There are a number of conflicts in the short story "The Lost Beautifulness" by Anzia Jezierska.
One of the conflicts in the story exists between Hanneh and her husband. While she has scrimped and saved her own money, pennies at a time, to paint the kitchen for her son's homecoming, and has been complimented on the wonderful results by neighbors and friends, her husband has nothing but complaints for her. Why did she waste the money that should have been set aside for a rainy day? Why did she spend time and money to improve the apartment which does not belong to them?
Another conflict, the major one in the story, is the landlord's demand that Hanneh must now pay more rent because the apartment looks so much better. He sees not beauty for beauty's sake, but realizes that he can now charge more money for the rooms, and expects that if Hanneh and her husband cannot pay it, they must leave. This conflict devastates Hanneh and robs her of all the joy she received from the work she did; and at the end, she and her belongings are thrown out into the street.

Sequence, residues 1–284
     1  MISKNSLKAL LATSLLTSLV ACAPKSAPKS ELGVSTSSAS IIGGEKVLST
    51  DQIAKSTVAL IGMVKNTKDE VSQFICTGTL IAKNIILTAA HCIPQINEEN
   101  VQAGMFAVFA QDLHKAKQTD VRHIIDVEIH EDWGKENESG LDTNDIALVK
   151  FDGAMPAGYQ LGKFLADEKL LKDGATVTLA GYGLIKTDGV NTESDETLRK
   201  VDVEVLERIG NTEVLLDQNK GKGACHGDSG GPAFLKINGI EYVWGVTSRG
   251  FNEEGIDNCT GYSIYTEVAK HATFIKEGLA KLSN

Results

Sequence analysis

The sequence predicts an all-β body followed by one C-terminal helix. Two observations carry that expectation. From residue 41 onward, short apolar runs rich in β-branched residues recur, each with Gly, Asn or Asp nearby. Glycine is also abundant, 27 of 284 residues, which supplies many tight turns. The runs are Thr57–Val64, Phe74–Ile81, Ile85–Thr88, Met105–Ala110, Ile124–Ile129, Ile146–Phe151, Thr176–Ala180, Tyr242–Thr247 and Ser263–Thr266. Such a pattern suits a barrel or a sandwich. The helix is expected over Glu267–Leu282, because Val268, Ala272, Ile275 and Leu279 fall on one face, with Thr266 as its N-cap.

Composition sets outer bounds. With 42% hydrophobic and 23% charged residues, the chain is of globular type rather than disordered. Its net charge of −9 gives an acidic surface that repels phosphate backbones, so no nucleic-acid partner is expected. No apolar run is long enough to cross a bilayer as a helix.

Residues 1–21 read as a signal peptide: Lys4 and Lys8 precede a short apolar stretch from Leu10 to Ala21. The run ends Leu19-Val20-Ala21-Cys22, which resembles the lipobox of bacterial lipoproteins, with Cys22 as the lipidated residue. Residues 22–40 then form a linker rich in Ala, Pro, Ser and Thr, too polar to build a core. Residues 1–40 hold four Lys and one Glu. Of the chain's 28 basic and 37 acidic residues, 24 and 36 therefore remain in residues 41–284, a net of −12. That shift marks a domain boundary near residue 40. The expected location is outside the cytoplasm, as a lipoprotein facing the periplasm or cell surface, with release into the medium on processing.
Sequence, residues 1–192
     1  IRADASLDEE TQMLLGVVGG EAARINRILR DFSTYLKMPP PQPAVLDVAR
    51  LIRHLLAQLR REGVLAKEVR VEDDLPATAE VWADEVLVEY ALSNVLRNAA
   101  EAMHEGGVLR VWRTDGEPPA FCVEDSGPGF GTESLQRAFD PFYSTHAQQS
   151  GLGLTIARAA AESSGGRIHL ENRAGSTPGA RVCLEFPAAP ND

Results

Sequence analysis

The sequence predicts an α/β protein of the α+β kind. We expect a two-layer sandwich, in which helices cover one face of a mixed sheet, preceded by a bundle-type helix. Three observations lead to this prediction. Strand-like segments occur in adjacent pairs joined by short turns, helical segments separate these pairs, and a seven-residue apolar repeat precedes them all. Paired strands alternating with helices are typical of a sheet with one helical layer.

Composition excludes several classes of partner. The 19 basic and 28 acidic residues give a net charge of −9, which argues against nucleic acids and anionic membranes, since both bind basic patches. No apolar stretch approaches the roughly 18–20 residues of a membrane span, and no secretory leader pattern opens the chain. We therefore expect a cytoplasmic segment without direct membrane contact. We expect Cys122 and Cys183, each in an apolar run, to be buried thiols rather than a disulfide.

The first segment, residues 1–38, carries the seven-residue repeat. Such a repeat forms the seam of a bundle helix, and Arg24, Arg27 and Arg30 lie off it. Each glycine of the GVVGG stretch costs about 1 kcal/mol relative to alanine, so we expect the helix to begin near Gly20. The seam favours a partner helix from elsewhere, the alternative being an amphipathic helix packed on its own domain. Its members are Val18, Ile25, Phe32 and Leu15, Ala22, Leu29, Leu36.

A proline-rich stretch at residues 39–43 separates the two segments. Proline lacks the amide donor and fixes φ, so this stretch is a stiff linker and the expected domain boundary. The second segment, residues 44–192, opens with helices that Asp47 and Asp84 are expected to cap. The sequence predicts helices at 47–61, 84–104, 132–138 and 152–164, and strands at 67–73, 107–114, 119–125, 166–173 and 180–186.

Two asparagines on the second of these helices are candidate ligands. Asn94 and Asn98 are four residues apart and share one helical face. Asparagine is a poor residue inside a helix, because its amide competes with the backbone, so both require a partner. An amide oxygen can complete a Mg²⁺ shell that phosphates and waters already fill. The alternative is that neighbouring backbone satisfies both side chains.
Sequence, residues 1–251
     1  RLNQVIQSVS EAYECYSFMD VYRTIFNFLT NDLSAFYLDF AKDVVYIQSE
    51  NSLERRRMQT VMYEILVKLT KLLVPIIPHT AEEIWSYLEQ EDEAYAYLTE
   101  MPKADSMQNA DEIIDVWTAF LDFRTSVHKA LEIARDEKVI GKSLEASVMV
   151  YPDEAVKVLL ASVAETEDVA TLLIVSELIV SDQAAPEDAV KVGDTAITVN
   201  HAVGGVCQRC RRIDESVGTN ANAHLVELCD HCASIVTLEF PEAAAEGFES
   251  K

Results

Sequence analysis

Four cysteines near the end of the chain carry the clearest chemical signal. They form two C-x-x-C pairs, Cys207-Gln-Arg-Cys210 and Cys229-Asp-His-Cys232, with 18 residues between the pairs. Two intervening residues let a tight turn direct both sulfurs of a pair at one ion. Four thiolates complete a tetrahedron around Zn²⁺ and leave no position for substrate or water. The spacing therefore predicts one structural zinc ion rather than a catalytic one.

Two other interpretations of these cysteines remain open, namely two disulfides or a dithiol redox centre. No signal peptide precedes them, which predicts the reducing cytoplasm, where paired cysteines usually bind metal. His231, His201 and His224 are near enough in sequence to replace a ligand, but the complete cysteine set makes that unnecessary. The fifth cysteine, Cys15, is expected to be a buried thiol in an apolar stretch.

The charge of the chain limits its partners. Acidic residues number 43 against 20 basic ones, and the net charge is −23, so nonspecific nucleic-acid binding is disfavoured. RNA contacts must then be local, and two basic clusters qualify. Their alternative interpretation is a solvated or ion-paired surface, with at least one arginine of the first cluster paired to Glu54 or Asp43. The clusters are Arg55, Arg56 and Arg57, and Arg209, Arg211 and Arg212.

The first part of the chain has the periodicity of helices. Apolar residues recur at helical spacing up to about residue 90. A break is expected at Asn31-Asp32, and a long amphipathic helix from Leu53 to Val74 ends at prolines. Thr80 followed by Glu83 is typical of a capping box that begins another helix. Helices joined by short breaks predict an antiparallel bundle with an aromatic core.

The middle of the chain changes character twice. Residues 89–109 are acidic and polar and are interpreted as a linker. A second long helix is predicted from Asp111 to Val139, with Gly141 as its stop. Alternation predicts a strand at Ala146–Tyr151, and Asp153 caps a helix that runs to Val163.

Another conflict exists between Hanneh and society. She believes that what the landlord is trying to do is ethically wrong. In this land of democracy, she believes the courts should be able to address and fix the problem, but they rule in favor of the landlord. Hanneh is disenchanted and distraught. Her vision of democracy has become nothing but an illusion, a dream. For in truth, democracy means nothing to her as she and her husband struggle to get by, and ultimately lose their home.